Monthly Archives: September 2013

Fight for a Livable Wage!

This was posted on facebook by a friend of mine. She is a college professor and I can understand her point of view, very narrow.

“Dear Mr. / Ms. McDonald’s worker: Your industry’s business model was built upon the idea of temporary, part-time workers, NOT career employees. I cannot write this loudly enough GO TO COLLEGE. PURSUE A REAL CAREER. THERE IS NOT SUPPOSED TO BE A POT OF GOLD AT THE END OF THE ARCHES.”

First I would like to say Ms. College pro, $15 an hour is not a pot of gold. If you made $15 an hour you would be screaming and striking too. Maybe you are making $15 an hour to which I must ask is this the standard.

When my daughter was in high school all I heard from other parents was how much pressure they were under to send their kids to college, especially when they didn’t have an interest in going. My question all along was…

…If everyone attends college then who will be left to do the work of our economy. We have to eat, entertain ourselves and of course someone has to build the houses and offices out which we will work and live. Who will do the plumbing and electrical work? These are trades that do not require a college degree.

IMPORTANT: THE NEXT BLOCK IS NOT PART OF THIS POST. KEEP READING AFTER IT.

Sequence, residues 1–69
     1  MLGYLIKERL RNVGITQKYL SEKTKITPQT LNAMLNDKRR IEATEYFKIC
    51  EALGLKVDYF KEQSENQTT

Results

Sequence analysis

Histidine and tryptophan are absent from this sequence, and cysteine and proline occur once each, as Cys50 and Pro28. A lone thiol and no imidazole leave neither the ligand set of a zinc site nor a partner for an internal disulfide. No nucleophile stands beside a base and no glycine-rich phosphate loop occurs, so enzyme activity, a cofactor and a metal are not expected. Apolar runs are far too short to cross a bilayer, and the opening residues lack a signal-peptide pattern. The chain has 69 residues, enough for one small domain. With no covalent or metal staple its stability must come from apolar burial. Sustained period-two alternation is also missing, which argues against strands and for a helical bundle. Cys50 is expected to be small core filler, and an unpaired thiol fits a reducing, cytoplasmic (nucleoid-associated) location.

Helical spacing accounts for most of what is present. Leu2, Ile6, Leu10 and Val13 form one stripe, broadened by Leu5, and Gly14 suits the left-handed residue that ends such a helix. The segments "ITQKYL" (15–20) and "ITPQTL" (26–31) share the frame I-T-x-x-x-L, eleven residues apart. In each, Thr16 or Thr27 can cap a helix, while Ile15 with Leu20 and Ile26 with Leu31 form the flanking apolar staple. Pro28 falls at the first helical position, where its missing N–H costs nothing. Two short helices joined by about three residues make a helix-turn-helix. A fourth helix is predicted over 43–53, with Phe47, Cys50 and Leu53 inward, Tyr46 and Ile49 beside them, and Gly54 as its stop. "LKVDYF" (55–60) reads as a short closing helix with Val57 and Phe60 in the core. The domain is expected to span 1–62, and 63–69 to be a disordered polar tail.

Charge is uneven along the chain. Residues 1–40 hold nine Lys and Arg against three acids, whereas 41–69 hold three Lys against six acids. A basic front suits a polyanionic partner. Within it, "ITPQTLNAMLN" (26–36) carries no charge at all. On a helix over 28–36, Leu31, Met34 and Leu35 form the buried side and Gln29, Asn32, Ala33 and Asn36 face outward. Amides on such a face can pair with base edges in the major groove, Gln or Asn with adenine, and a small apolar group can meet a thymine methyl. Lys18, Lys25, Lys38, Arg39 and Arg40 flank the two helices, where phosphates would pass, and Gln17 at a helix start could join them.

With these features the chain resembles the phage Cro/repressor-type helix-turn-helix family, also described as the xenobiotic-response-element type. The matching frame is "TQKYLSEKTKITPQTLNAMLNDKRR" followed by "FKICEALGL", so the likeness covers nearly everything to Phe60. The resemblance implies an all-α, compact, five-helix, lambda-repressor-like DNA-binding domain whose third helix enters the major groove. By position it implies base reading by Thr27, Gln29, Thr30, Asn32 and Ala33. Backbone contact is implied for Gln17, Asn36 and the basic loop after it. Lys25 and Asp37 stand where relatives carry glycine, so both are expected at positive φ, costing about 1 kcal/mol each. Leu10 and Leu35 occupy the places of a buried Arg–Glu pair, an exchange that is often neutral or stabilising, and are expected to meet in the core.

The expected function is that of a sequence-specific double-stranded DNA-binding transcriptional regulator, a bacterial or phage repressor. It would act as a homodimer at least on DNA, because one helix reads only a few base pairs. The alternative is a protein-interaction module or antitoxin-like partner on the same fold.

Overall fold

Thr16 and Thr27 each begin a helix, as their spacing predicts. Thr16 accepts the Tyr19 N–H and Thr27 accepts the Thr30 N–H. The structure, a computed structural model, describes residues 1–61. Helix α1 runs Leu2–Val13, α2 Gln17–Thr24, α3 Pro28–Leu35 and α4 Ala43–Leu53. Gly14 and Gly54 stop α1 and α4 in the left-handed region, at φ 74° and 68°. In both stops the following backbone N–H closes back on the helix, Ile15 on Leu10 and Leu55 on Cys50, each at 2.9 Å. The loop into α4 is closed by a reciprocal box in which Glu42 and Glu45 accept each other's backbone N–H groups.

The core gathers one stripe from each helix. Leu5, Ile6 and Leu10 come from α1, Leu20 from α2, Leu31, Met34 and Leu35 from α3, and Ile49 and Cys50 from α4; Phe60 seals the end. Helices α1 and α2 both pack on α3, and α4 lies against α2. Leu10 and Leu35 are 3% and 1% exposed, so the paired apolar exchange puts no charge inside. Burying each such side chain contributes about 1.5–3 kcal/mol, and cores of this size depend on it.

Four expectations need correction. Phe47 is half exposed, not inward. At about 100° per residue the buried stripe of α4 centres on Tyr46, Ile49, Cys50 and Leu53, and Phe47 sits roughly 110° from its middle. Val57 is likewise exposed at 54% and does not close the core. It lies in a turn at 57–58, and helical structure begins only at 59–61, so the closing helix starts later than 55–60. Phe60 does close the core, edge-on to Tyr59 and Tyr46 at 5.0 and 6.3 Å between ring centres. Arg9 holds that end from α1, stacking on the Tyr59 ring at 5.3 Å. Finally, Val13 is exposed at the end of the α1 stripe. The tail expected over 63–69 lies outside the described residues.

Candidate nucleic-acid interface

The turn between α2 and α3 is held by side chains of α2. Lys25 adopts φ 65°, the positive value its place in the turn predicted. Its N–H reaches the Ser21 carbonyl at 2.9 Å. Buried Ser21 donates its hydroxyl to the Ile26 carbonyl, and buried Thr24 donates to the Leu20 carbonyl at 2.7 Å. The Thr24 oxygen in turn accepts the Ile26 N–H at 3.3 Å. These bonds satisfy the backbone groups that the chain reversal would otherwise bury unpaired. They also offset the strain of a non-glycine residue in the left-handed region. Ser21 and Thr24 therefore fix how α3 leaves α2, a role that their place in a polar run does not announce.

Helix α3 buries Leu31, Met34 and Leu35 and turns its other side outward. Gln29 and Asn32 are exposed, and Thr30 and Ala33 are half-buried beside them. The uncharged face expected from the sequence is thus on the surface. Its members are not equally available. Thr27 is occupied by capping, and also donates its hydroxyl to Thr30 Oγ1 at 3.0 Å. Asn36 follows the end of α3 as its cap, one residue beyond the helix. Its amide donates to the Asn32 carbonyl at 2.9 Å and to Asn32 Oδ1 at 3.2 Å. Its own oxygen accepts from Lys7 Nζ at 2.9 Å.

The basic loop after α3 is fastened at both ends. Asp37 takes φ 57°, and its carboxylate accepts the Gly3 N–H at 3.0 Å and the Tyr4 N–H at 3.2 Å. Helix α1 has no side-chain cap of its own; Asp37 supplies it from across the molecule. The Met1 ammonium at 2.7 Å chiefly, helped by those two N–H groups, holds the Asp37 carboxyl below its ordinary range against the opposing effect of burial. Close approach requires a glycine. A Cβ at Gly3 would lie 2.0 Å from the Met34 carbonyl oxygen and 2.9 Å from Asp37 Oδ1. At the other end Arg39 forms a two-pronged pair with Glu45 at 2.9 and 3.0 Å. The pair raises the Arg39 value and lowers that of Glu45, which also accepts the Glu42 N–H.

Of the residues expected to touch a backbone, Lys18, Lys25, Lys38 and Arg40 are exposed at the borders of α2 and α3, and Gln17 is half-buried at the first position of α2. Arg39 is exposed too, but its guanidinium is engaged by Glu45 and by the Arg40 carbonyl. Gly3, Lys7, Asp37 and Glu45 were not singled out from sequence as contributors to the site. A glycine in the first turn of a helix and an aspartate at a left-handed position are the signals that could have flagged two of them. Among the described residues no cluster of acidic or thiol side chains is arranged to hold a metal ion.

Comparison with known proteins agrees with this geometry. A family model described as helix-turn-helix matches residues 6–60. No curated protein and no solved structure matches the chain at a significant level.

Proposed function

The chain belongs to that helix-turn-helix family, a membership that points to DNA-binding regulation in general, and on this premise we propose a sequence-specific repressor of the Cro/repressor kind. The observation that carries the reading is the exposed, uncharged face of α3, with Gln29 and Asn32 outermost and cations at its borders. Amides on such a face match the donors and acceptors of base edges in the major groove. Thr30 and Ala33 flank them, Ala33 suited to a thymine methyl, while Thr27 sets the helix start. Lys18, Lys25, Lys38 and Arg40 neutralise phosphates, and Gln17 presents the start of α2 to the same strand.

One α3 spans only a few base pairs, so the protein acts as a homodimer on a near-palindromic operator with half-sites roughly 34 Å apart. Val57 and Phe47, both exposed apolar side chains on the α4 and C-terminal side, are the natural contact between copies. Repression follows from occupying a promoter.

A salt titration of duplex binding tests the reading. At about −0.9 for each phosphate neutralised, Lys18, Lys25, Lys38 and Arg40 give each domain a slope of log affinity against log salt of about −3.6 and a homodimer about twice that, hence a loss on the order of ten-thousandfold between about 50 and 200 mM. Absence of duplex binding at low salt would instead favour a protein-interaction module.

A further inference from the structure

Before Reagan CEO’s earned 44 times more than the average worker. Today it’s 400 times.

When did 44 times more become not enough? 44 times more house, more cars, more everything.

On the same day my friend posted another note to the McDonald’s employees who think they deserve better than minimum wage.

“Dear Mr. / Ms. McDonald’s worker, me again!
Don’t you realize that if you start making $15 an hour that the price of a McSomething will skyrocket to the point that Taco Bell employees will not be able to afford to pick up dinner at your “restaurant” on the way home from work?”

My dear friend Sherry,

Really? You have friends that aren’t college educated. One friend comes to mind that spent her life in the entertainment industry. Now she is a widow struggling to do better than minimum wage. You don’t think that she deserves a livable wage? Are you really concerned for the Taco Bell workers being able to afford McDonald’s? By the way, Taco Bell employees have also been on strike for the same reason.

I’m going to tell you what I know about this “business model.” I have worked closely with corporations that rely on this model. I worked for a small marina whose owner came out of Disney and also loved this model.

Here is what I took in.

The marina owner’s would find homeless and desperate souls to work for them for less than minimum wage. They would hire say, three of them. The three of them put together did the job that one man could do by himself. These owners could never see themselves paying one man the wages of three when they could get three to work for the wages of one.